MRSA 8

128 (1024)

1024 (−)

256 (−)

256 (−)

256 (−)

128 (1024)

1024 (−)

128 (−)

16 (64)

 MRSA 11

256 (−)

512 (−)

512 (−)

512 (−)

512 (−)

1024 (−)

512 (−)

128 (256)

 MRSA 12

1024 (−)

512 (−)

512 (−)

128 (−)

512 (−)

1024 (−)

128 (−)

32 (32)

RA: reference antibiotics; −: MIC or MBC not detected up to 1024 μg/mL for plant extracts and 256 μg/mL for reference antibiotics; MBC values are in bracket

Discussion

The emergence of diseases due to MDR bacterial strains is a phenomenon of growing concern worldwide, being qualified by WHO as a “slow-moving tsunami” [7]. Medicinal plants are a promising alternative for the discovery of new anti-infective agents capable to fight against MDR phenotypes; hence, several phytochemicals have been tested against multi-resistant phenotypes [3, 8].

According to Simões et al. [9], a plant extract or phytochemicals can be considered as antimicrobials if the MIC obtain during in vitro tests is in the range 100–1000 μg/mL. The antibacterial activity obtained with E. prostrata extract is important as the extract was active on all MDR bacterial strains tested. MIC value of 256 μg/mL was recorded on strains over-expressing efflux pumps AcrAB-TolC (E. coli AG102 and E. aerogenes CM64) and MexAB-OprM (P. aeruginosa PA124) as well as against all MRSA strains. This remarkable activity on Gram-negative as well as Gram-positive bacteria may be due to the presence of phytochemicals that exhibit antimicrobial potential such as quercetin and kaempferol; in fact, their antibacterial properties’ vis-à-vis MRSA and multi-resistant Propionibacterium acnes were reported [10, 11]. Moreover, Tala et al. [12] have highlighted the in vivo anti-salmonella potential of this plant. The extracts from leaves of R. macrophylla and M. tomentosa exhibited better antibacterial activity than those obtained from their barks; this selective activity may be due the qualitative and/or quantitative difference in phytochemical contents of parts of the plants. The antibacterial activity obtained with R. macrophylla extracts may be due to the alkaloids present in this plant; in effect, Erasto et al. [13] have demonstrated the anti-mycobacterial extracts properties of alkaloids extracts from R. macrophylla. Viscum album extracts from various parts of plant were active on all bacterial species used in this study. This reflects the broad spectrum of activity phytochemical compounds available in these extracts like the triterpenes, flavonoids, alkaloids [14]. Pseudomonas aeruginosa strains (PA01 and PA124) were not susceptible to the leaves extract of C. purpurascens although the fact that this was active on 29 strains out of the 36 tested (including all the MRSA strains); Voukeng et al. [3] have highlighted the involvement of efflux pumps-type RND as the major phenomenon of resistance of Gram-negative bacteria herein studied vis-à-vis of some plant extracts. The susceptibility of the studied MDR bacteria vis-à-vis of A. floribunda extracts varied depending on the part of the plant used; these results corroborate those obtained by Siwe et al. [15]. Who got MIC value of 130 μg/mL and 2000 μg/mL with the methanol extracts of the leaves and bark respectively against S. aureus ATCC 25923. Okoye and Ebi [16] showed that fractions from leaves extract of A. floribunda contained mostly terpenoids, and possessed antibacterial activity against P. aeruginosa, Salmonella keitambii and Bacillus subtilis. Likewise, some flavonoids isolated from this plant such as taxifolin had MIC value of 225 μg/mL on the S. sobrinus [17].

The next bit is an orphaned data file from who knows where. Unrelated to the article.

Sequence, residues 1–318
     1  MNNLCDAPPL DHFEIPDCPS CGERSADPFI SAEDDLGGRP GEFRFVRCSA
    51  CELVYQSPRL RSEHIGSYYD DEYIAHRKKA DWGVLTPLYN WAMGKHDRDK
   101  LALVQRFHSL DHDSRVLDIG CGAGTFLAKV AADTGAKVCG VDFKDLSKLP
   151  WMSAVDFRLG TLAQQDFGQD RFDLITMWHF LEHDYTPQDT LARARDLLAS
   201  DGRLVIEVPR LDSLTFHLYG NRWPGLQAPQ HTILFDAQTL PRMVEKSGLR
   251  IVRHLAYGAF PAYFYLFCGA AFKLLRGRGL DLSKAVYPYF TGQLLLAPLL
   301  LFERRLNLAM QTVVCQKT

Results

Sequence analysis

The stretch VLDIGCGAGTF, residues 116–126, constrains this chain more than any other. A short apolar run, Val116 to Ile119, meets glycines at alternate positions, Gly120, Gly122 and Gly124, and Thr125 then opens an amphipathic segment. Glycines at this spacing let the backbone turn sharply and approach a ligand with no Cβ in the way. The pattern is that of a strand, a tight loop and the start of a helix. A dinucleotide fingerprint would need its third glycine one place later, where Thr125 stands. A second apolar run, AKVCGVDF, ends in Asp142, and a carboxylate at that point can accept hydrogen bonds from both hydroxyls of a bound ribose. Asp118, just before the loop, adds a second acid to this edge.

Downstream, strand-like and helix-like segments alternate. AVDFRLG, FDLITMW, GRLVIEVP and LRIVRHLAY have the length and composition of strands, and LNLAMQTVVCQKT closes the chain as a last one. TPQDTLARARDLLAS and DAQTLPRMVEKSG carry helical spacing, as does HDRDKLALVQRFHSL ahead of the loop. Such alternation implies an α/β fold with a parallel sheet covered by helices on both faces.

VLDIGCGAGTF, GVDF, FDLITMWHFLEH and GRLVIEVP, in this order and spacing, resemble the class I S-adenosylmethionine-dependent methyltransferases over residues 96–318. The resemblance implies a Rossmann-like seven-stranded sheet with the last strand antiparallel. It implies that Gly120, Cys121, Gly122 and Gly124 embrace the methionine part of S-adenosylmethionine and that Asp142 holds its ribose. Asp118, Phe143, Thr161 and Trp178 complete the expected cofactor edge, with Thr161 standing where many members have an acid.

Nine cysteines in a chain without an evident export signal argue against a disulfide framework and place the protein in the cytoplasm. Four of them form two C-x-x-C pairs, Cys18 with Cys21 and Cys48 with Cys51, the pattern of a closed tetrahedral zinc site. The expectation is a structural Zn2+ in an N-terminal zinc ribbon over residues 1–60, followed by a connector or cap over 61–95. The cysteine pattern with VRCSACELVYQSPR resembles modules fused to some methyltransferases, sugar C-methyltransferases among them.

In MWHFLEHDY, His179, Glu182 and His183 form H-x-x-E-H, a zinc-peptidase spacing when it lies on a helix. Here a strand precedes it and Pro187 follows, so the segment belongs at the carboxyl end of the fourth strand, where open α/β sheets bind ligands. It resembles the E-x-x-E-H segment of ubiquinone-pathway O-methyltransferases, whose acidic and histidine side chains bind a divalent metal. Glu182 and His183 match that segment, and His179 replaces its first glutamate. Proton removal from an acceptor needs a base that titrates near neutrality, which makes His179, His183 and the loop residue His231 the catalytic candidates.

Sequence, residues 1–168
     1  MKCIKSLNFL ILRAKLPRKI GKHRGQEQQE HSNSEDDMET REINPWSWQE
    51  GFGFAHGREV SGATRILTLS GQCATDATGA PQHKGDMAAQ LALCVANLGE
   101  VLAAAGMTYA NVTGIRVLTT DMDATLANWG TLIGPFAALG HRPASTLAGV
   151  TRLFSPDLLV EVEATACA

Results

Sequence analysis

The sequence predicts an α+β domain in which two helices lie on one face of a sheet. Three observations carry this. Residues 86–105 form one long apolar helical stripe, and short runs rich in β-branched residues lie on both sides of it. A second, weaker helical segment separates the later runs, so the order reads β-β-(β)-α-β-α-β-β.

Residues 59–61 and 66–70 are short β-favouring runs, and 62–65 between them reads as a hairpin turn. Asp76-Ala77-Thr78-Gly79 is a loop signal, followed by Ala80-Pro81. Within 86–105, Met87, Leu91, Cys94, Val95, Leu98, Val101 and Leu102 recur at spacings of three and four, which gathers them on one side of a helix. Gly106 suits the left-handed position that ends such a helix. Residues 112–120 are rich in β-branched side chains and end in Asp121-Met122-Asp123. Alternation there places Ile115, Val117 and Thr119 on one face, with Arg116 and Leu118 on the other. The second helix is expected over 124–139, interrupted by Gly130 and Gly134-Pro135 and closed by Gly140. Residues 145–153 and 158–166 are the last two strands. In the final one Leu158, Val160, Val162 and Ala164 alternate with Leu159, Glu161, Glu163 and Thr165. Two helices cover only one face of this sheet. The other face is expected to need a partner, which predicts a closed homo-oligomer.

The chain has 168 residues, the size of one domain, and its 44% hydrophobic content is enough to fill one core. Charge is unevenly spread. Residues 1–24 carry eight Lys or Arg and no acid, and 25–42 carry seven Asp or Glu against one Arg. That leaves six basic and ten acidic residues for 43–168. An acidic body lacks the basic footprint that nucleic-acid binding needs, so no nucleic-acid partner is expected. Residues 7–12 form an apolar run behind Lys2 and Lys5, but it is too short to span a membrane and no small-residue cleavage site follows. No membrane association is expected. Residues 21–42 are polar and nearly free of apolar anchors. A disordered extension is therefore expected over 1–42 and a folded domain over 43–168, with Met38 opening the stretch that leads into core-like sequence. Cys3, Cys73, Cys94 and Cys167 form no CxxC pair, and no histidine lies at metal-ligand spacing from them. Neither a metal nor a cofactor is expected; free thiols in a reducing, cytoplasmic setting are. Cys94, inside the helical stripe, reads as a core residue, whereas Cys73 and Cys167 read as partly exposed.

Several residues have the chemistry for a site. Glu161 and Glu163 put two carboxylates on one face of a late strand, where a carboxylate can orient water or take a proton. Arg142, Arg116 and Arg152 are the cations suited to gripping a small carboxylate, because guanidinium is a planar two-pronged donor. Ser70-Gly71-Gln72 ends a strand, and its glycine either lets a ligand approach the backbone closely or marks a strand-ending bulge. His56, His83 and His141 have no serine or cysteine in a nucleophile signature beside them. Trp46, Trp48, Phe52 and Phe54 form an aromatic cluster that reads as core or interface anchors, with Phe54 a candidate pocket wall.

Conclusion

This study highlights the efficacy of some Cameroonian medicinal plants against MDR phenotypes and the results obtained can serve as preliminary test for further experiments to isolate phytochemicals constituents with wide range antibacterial activity.

Abbreviations

ATCC: 

American type culture collection

DMSO: 

dimethyl sulfoxide

E. prostrata

Euphorbia prostrata

HNC: 

National Herbarium of Cameroon

INT: 

p-iodonitrotetrazolium chloride ≥ 97% (INT, Sigma-Aldrich)

MBC: 

minimal bactericidal concentration

MDR: 

multidrug resistant

MHB: 

Mueller–Hinton Broth

MIC: 

minimal inhibitory concentration

RA: 

reference antibiotic

Declarations

Authors’ contributions

IKV carried out the study; IKV and VK designed the experiments and wrote the manuscript; VK and VPB supervised the work; IKV and VK provided culture media, bacterial strains and other facilities. All authors read and approved the final manuscript.

Acknowledgements

Authors are grateful to the Cameroon National Herbarium (Yaounde) for plants identification, Mr. Nganou Blaise and Tala Donald Sedric for their technical support.

Competing interests

The authors declare that they have no competing interests.

Availability of data and materials

The datasets supporting the conclusions of this article are presented in this main paper. Plant materials used in this study have been identified at the Cameroon National Herbarium where voucher specimens are deposited.

Consent for publication

Not applicable.

Ethic approval and consent to participate

Not applicable.

Funding

No funding.

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Authors’ Affiliations

(1)
Department of Biochemistry, Faculty of Science, University of Dschang
(2)
Department of Biochemistry, Faculty of Science, University of Yaounde I